Then enters another complication—brothers and sisters. They also have their goals and their strategies. We may well have become suspicious of their designs (the same as our own!) and developed other strategies for minimising our losses. Then also, we may have become suspicious, or persuaded, that our parents were on the side of our brothers and sisters.

All these things are so familiar—as we see them in others, and so laughable—when we see them in children, that we may be overlooking the fact that we ourselves never accepted our own childhood, and that we still carry resentments. We may be running a ‘closed shop’ in which we refuse to let other people have entrance to our loves. We may never have learned to receive love—however faultily it was delivered.

Now here is the rub. There are no perfect parents. In fact, there are many who may have been irresponsible and a smaller number who have been abusive. It is doubtful, however, if any of us have been without influences of love in our childhood. Jesus said: ‘If you being evil know how to give good gifts to your children…’. We have received many of these gifts—from parents or from others—which have been a witness to the reality of love—love for us in particular.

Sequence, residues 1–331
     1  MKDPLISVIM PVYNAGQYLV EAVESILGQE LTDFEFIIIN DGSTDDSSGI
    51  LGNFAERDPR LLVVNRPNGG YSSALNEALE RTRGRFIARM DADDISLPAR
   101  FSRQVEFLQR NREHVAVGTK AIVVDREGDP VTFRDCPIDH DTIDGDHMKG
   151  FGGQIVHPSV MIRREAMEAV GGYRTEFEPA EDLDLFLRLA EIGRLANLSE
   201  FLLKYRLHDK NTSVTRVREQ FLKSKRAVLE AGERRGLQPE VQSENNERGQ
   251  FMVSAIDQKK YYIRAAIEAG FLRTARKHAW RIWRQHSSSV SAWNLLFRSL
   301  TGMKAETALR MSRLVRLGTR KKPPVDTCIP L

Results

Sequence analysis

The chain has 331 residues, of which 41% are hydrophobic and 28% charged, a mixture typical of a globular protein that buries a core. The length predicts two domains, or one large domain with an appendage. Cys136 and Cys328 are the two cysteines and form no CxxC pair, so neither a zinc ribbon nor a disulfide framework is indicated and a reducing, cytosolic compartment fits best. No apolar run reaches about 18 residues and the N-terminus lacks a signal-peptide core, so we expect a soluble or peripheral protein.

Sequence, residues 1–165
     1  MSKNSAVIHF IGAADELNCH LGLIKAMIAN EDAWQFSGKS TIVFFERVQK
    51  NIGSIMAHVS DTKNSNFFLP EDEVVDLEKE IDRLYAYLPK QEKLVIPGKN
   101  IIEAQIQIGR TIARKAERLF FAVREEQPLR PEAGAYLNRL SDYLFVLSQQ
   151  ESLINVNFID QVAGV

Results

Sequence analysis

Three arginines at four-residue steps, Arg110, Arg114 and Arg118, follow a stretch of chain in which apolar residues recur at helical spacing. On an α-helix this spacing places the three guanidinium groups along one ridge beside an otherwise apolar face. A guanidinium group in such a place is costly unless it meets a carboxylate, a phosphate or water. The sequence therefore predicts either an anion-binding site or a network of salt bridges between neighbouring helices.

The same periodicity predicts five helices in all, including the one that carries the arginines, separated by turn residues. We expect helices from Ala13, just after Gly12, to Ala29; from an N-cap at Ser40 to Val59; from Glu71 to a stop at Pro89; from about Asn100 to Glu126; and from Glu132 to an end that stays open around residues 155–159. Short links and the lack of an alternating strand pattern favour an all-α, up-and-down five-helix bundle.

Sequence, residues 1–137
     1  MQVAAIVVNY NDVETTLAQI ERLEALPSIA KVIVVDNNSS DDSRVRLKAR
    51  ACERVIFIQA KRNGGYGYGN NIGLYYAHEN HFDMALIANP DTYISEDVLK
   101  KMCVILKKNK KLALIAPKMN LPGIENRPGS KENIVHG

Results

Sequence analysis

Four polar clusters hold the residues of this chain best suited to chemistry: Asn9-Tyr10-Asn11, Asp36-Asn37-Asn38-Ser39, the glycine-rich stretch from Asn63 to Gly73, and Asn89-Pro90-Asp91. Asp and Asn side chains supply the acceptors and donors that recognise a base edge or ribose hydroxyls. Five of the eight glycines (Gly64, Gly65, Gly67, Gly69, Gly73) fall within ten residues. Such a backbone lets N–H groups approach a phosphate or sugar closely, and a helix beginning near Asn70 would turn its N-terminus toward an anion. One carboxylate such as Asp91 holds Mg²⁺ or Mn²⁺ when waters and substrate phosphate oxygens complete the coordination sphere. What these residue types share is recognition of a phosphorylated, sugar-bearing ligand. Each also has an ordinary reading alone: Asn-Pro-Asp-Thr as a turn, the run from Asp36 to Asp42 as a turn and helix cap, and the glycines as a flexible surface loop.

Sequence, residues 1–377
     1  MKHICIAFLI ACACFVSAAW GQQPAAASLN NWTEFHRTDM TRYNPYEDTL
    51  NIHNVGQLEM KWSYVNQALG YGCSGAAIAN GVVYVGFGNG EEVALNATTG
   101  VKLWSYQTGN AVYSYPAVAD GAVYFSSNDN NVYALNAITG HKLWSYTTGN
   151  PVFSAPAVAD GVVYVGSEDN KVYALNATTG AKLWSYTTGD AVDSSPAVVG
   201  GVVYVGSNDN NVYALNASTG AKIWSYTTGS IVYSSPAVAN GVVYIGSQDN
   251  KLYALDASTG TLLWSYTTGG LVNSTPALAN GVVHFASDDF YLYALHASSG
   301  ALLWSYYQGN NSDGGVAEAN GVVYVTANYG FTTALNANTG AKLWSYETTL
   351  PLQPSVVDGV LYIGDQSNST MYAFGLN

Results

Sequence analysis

The first of the ten commandments concerning our relationships with each other says: ‘Honour your father and your mother, that your days may be long in the land that the Lord your God is giving you’. This command does not deal with parents being honourable but of the need to honour them. We will never be able to truly see what our parents have been or have done for us until we learn to honour them. It may turn out that they have done far more than our narrowed view would allow us to see. The point is, it was not just our parents or siblings who were sinners! We may have reasons for wanting to shut out some of the evidence as to whether we have been loved by others.

Let me return to an earlier point. Not to have a rich experience of love—from parents, or a surrogate parent or relative, and certainly from God, is to be sadly deformed as a human being. And now we have seen that we may have allowed the sins of others, and sins of our own, to have closed us off the experiences that have been available to us.